Within the country and region however, the church construction project led to considerable negative media attention: there were calls to destroy all church compounds in the region. Part of the negative reaction was related to Shiite frustration as a result of the destruction and lack of funding of Shia mosques, though there was a clear anti-Christian element as well.


Most of the protests came from the hardline Sunni camp: more than 70 clerics signed a petition stating that it is prohibited to build churches in the Arabian Peninsula the birthplace of Islam. The building project has been stalled as a result and it is unclear if it will be restarted. This underlines the increasing influence and self-confidence of hardline Sunni groups who are a major support base for the monarchy in a time when Shiites demand more and more political rights.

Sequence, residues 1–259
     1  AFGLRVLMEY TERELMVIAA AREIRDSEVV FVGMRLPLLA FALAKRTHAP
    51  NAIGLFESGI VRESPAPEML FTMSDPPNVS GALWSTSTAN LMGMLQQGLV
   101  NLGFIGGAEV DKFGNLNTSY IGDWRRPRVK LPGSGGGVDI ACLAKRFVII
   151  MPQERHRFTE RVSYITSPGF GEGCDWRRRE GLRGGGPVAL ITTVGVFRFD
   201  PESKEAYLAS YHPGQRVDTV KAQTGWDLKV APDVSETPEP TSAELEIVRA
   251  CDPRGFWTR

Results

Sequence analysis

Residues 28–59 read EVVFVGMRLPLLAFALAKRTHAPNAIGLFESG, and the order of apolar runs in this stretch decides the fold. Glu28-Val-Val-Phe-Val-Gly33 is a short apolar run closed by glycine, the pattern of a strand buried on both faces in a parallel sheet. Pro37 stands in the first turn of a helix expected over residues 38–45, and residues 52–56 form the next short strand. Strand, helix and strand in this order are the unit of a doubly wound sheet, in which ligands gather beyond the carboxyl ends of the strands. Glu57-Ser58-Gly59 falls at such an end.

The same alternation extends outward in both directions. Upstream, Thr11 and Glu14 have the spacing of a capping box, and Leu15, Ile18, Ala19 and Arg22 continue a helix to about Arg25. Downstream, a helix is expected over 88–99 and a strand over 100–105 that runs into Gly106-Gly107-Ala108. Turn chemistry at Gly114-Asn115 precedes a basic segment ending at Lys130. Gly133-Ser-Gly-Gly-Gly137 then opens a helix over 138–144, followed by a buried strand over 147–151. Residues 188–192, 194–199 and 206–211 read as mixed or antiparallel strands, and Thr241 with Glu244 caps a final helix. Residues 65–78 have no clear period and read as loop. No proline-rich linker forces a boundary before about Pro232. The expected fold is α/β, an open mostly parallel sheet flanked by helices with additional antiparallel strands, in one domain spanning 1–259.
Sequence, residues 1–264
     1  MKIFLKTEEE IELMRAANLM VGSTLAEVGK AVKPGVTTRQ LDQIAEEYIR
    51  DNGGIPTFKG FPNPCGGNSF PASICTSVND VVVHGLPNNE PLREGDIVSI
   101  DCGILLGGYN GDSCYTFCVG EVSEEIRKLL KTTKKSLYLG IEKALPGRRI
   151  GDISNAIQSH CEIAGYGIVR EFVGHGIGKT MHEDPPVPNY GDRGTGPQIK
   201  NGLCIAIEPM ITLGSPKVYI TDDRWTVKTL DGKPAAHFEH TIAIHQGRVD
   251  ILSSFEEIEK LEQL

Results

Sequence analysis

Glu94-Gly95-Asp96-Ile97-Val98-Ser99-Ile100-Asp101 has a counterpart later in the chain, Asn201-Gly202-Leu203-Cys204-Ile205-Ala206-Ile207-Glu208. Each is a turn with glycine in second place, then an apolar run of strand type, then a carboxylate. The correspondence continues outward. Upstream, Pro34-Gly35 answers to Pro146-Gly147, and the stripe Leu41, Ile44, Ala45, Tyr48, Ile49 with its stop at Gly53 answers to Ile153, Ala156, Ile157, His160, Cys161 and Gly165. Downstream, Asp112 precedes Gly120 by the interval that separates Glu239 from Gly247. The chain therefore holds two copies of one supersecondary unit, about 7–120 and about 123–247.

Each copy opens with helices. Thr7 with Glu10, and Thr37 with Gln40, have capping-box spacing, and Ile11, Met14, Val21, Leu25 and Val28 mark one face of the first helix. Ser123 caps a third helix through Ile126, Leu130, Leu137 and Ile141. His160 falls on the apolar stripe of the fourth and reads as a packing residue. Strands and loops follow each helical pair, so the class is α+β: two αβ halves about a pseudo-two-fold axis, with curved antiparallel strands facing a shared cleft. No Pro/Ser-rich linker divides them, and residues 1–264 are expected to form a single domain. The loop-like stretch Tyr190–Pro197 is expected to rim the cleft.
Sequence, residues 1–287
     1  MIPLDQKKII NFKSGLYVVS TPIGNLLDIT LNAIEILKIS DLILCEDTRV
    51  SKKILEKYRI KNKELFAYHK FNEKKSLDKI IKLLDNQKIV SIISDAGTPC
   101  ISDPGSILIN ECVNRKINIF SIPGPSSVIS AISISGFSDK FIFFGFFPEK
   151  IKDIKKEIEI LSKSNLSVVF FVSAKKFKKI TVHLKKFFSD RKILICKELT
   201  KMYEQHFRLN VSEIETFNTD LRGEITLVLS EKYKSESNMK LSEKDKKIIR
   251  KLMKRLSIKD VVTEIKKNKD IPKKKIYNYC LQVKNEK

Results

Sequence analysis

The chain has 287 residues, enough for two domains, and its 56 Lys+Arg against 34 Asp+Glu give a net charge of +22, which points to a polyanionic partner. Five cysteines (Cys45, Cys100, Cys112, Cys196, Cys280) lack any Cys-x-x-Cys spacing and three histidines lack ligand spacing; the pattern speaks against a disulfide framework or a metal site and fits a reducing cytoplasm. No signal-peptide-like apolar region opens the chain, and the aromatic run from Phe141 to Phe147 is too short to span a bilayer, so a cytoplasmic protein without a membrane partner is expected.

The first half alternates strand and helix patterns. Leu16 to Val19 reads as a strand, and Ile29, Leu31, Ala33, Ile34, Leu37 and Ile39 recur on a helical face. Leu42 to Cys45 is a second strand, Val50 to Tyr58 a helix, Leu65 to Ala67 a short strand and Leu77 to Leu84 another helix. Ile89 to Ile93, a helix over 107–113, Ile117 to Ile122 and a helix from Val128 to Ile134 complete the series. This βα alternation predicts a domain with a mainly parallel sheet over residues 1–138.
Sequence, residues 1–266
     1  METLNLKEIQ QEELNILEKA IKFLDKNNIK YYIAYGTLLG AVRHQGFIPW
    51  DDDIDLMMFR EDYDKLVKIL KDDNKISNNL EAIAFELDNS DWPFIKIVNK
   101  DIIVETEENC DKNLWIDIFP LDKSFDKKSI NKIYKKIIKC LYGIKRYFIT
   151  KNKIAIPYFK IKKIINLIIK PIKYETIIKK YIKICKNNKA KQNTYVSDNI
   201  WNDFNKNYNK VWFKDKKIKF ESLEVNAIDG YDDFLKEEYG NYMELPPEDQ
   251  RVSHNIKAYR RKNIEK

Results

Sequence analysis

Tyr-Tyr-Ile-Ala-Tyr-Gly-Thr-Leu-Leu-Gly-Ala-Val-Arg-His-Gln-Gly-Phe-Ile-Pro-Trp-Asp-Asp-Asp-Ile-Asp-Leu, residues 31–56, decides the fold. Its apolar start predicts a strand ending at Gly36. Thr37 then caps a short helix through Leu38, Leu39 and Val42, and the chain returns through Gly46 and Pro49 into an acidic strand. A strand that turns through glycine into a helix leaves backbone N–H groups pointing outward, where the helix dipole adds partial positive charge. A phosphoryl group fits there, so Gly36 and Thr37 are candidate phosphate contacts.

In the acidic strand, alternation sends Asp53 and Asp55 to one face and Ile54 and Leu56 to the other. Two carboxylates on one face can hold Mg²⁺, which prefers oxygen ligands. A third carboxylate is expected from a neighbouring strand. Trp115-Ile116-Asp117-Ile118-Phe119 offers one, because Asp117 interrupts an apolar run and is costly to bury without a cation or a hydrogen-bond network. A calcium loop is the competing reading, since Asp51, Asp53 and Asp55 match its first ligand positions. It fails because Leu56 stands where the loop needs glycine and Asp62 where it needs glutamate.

1 year ago

Christian Persecution in China

Chinese Christians are sharing their faith on Weibo, China's giant, state-regulated, social network and some are beginning to challenge the censorship by speaking out against religious persecution.

When Christian band Rainbow Come appeared on China's equivalent of "The X Factor," Christians turned to social networking to drum up votes for the band so their music could reach more Chinese.

Within a few days, thousands of votes had been posted for Rainbow Come, according to China's Gospel Times, enough to propel them to a leading position in the seventh round of "Chinese Dream" on Zhejiang Television. Such is the power of social networking even in China, which has officially banned Facebook and Twitter.

In the place of these established but unregulated sites, the Chinese authorities have permitted Weibos microblogs. From its inception in 2009, China's leading microblog company, Sina Weibo, now boasts 400 million users, and the number is rising. Rival companies also lay claim to hundreds of millions of subscribers.